Joshua Mebane plans insanity defense in fatal shooting of D.C. cabdriver

The 18-year-old Waldorf man charged in the fatal shootings of a D.C. cab driver in 2012 and of a Charles County woman last year was insane at the time of the earlier crime and wants to go to trial, his attorneys told a D.C. Superior Court judge Thursday.

Lawyers for Joshua T. Mebane said their client pleaded not guilty by reason of insanity and requests a February trial. Mebane is charged with first-degree murder in the Nov. 7, 2012 fatal shooting of cab driver Quadar Muhammad in the District.

Early this year, Mebane was sent to St. Elizabeths Hospital, the District’s psychiatric facility. Later, a judge ordered two court-appointed doctors to examine him. Mebane’s attorney, Gretchen Franklin, argued before Judge Jennifer Anderson that her client was not competent at the time of the shooting.

Assistant U.S. Attorney George Pace told the judge that investigators had Mebane’s DNA that linked him to the shooting. Pace also said that his office offered Mebane a plea deal of second-degree murder while armed, in which prosecutors would request a sentence of between 18 and 25 years. Mebane rejected the deal.

“I want to go to trial,” Mebane told the judge.

If the jury rejects Mebane’s insanity defense and finds him guilty of first-degree murder, he could be sentenced to more than 50 years in prison. Mebane’s trial was scheduled for February. He is currently being held at the D.C. jail.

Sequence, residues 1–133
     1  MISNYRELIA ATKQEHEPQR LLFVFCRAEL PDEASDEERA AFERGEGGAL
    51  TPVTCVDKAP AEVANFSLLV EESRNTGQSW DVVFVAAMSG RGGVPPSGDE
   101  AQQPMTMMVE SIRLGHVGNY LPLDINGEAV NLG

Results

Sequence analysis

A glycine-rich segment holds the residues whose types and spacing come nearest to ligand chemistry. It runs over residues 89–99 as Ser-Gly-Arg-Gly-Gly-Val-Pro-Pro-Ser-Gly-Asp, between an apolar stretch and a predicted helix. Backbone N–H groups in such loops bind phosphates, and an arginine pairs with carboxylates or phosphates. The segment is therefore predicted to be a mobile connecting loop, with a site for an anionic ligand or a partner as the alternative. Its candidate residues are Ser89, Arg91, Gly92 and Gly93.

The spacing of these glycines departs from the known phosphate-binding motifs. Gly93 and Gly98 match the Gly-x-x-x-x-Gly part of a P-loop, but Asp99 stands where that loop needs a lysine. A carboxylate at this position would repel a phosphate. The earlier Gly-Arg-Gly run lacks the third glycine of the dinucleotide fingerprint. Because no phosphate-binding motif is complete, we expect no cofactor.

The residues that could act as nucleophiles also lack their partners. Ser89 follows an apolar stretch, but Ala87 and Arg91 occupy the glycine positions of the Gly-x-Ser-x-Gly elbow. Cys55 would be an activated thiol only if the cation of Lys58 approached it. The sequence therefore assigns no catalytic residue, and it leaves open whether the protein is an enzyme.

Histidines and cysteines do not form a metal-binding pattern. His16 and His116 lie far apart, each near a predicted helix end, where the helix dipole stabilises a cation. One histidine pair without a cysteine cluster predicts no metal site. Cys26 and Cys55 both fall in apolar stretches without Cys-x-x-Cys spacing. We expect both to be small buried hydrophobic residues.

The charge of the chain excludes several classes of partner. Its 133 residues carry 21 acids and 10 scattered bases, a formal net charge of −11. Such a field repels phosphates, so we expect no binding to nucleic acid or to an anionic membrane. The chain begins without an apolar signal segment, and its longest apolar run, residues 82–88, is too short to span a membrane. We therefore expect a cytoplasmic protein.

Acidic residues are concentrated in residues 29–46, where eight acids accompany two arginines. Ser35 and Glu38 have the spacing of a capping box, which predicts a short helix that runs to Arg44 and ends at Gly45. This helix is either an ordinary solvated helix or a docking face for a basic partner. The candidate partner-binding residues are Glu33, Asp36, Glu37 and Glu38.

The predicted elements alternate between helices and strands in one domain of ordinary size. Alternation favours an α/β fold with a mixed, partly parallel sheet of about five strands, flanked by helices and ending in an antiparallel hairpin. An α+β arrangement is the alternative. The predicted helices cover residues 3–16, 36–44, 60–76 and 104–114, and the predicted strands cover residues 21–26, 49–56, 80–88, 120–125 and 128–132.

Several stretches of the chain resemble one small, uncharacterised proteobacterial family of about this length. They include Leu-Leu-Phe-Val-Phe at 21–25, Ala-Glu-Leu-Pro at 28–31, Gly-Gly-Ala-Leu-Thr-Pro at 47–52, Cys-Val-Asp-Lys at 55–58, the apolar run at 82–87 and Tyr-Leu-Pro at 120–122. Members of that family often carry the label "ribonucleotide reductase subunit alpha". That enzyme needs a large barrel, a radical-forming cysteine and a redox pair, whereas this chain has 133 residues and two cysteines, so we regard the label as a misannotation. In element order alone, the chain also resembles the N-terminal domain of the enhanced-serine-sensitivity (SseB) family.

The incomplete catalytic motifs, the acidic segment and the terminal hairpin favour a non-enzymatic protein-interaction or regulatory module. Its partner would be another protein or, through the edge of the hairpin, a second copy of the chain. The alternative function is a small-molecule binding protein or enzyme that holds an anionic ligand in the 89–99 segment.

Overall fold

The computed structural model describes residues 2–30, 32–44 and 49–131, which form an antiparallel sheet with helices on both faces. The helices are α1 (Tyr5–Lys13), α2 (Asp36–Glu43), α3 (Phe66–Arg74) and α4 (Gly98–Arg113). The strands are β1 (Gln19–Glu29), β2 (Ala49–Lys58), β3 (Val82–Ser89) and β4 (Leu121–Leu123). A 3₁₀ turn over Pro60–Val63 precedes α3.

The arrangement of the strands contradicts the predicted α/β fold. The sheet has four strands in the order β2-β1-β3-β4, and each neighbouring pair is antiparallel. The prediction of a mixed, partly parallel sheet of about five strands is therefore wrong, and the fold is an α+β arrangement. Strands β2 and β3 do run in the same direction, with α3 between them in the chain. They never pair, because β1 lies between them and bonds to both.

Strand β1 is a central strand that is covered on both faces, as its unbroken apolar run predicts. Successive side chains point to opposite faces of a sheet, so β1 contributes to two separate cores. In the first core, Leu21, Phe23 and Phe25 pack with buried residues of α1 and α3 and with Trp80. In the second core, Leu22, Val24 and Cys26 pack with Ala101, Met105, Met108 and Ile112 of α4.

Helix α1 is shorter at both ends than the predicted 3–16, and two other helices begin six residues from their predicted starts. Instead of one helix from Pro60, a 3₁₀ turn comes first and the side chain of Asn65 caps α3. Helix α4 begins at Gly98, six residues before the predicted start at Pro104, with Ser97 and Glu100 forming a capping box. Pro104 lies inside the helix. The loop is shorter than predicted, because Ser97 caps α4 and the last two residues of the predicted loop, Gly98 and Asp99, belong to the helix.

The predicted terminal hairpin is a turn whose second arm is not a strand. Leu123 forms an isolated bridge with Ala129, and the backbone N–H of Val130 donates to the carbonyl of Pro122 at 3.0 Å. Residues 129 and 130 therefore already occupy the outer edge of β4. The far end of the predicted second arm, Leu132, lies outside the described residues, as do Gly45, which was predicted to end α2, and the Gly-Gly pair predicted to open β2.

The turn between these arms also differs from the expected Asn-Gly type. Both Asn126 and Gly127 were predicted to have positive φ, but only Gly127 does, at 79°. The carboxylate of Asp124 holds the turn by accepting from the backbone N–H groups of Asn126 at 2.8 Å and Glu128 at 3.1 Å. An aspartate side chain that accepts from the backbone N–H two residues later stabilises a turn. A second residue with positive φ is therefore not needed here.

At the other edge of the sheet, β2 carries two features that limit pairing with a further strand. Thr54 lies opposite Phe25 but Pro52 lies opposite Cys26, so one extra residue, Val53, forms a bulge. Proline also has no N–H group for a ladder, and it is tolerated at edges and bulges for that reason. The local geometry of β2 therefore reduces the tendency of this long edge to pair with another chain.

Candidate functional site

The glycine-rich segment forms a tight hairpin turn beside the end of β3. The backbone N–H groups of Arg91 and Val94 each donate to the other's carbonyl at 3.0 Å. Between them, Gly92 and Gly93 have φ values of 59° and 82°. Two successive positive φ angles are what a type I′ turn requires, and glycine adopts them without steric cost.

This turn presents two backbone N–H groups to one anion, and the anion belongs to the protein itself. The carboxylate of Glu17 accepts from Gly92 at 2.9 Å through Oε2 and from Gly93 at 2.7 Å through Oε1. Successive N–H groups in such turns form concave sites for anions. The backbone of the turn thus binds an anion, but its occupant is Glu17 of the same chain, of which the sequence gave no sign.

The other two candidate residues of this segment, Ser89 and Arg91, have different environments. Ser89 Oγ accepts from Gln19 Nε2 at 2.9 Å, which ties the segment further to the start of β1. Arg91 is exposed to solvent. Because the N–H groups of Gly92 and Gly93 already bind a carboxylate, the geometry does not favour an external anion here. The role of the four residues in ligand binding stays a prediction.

Last year, Mebane’s then-girlfriend and co-defendant in the case, Linda Bury, 18, pleaded guilty to robbery and is currently awaiting sentencing. Police said Bury, of Baltimore County, was with Mebane at the time of the shooting.

Mebane is also awaiting trial in the Oct. 26 fatal shooting of 40-year-old Teresa Ann Bass. Police sayd she who was walking her dog on a footpath, accompanied by her husband, when Mebane fatally shot her at random. Mebane is charged with first-degree murder in that shooting. That case is scheduled to begin after the D.C. case.

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Keith Alexander covers crime, specifically D.C. Superior Court cases for The Washington Post. He has covered dozens of crime stories from Banita Jacks, the Washington woman charged with killing her four daughters, to the murder trial of slain federal intern Chandra Levy.
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